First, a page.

By the end of this week, at least 24 states will have lifted or relaxed their stay-at-home orders. Best practices for reopening nonessential businesses and operations in each state has become a trying and controversial discussion.

Community association professionals are grappling with how to provide the appropriate guidance for reopening the common areas and amenities that were closed due to COVID-19. Reopening is not an all-or-nothing tactic, and it is crucial for every community to consider government guidelines at the local, state, and federal level before relaxing the closures.

On April 16, President Donald Trump, with input from public health experts, announced Guidelines for Opening Up America Again, a three-phase approach for state and local officials to follow when lifting their stay-at-home orders and getting people back to work while continuing to protect American lives. The White House encourages state and local officials to tailor these guidelines to the circumstances their jurisdiction is facing amid the COVID-19 pandemic.

Prior to state and local governments proceeding with the reopening guidelines, it is recommended they satisfy the White House’s gating criteria, which includes a downward trajectory of illnesses related to COVID-19 within a 14-day period, a downward trajectory of documented cases or positive tests within a 14-day period, the ability of hospitals to treat all patients without crisis care, and the implementation of a robust testing program.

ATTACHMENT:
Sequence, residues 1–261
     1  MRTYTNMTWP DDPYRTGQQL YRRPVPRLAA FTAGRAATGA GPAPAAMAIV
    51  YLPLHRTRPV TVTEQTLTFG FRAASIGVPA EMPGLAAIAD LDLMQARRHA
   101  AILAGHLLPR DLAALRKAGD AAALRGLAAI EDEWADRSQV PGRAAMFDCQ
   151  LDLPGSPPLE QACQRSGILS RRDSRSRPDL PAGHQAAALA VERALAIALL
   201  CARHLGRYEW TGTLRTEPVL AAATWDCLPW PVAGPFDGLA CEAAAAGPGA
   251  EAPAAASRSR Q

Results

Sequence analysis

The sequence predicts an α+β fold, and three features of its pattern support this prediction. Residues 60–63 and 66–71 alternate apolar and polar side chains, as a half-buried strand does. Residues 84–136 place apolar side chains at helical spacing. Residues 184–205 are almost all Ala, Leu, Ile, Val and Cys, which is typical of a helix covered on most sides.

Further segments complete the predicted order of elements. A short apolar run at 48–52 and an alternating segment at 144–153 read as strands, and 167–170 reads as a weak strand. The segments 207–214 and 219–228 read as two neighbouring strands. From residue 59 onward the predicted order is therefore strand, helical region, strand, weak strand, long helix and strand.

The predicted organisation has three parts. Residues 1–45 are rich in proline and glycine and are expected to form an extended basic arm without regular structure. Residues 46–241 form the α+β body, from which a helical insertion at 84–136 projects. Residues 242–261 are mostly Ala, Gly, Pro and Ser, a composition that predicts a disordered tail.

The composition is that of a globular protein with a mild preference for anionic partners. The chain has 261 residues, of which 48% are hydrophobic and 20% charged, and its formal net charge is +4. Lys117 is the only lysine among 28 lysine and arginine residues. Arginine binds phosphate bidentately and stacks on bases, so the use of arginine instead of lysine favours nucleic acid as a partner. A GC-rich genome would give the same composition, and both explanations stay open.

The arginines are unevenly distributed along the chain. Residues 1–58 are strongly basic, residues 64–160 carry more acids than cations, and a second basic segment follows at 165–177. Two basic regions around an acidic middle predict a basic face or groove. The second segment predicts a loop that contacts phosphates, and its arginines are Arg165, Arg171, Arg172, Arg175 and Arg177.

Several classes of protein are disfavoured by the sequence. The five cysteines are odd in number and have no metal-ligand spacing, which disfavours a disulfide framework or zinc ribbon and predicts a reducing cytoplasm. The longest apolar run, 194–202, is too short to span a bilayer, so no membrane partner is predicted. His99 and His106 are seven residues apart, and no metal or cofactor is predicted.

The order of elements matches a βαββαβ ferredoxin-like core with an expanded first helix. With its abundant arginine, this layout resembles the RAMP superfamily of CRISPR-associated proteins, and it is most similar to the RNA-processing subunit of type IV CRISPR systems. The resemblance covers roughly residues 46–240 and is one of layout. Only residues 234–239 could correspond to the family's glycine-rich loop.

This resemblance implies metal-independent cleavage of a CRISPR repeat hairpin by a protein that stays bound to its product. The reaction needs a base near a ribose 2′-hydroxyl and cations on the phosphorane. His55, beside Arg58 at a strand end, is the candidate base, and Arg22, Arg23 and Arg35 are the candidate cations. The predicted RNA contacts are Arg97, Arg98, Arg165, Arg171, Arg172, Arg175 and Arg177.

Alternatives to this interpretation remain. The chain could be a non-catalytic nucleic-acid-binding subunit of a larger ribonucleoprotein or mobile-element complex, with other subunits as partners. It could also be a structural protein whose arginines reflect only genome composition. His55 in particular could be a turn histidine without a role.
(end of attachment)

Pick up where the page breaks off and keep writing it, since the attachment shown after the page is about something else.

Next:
Once a state has satisfied the gating criteria, they can put into action the appropriate policies necessary to successfully achieve each of the three phases for reopening. These policies include, but are not limited to, continuing social distancing practices, limiting gatherings of 10 persons or less, and wearing masks in public.

California and Georgia have already created guidelines to satisfy the criteria needed to reopen certain businesses in the coming weeks.

California outlined six indicators the state would consider when modifying its stay-at-home order and outlined a four-stage Resilience Roadmap for businesses to use as a guide for their gradual reopening. At the end of this week, California will begin the second stage of its roadmap and slowly reopen lower-risk workplaces such as bookstores, clothing stores, florists, and sporting goods stores, with modifications and certain public health measures proposed by the state public health officer.

At the end of April, Georgia issued guidance that provides flexibility for healthcare practices and moves certain businesses, including medical practices, gyms, fitness centers, bowling alleys, to minimum operations. In addition to following CDC guidelines, businesses in the state are being asked to screen workers who exhibit signs of illness, require workers who exhibit signs of illness to stay home, enhance sanitation of the workplace where appropriate, require hand-washing or sanitation throughout the business location, provide personal protective equipment as available, implement teleworking and staggered shifts for all possible workers, hold all meetings and conferences virtually whenever possible, and more. These measures need to be implemented to mitigate the exposure and spread of COVID-19 to members of the community.

During this time, it is critical for community associations to follow federal, state, and local guidelines when reopening portions of their property. Communication with residents is crucial. Community association boards and community managers should update residents on a daily or weekly basis on the status of amenities and new procedures within a community as these orders are lifted.

To view the latest COVID-19 stay-at-home orders and phased reopening start dates in your state, visit

For more information on lifting stay-at-home orders, check out HOAresources.

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